The summer of 2016 saw the rise of the legal engineer in software ecosystems. From my own work at Monax Industries on distributed ecosystems solutions using blockchain smart contracts to the continued calls for innovation in law practice through technology, the pace of change in the legal world is accelerating. Lawyers who understand blockchains face less of a challenge convincing developers that legal tools are necessary for useful systems, and lawyers are coming around too.
I spoke at a few fab events this summer, including the Janders-Dean legal innovation symposium in Chicago and the Legal Hackers World Summit in Brooklyn. At MIT, lawyers and engineers are collaborating to build innovative solutions that merge the collective power of tools and know-how.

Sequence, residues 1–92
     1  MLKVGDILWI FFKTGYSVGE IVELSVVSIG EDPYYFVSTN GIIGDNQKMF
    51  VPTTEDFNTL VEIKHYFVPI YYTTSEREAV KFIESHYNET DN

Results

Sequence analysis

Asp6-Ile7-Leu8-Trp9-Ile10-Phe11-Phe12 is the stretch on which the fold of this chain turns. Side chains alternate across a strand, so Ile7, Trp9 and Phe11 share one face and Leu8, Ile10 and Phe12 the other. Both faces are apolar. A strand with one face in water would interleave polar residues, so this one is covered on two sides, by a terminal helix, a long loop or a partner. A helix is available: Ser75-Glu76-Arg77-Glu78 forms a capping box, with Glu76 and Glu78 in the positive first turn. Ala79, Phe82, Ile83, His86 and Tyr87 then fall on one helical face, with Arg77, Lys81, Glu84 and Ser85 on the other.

For me, the fun continues. I’ll be participating in the startup pitch at Allthingsopen on October 26-27, 2016 in Raleigh, NC.
Next month I’ll be in Chicago at the fin(legal)tech conference at Chicago-Kent Law School on November 4. They launched an innovation lab this year, check it out. The conference is free.
I’ve organized a continuing legal education seminar in conjunction with the North Carolina Bar Association – 3 hour webinar on November 8 entitled “What Lawyers Should Know About Blockchains Today.” I promise to make it more fun than waiting for election returns.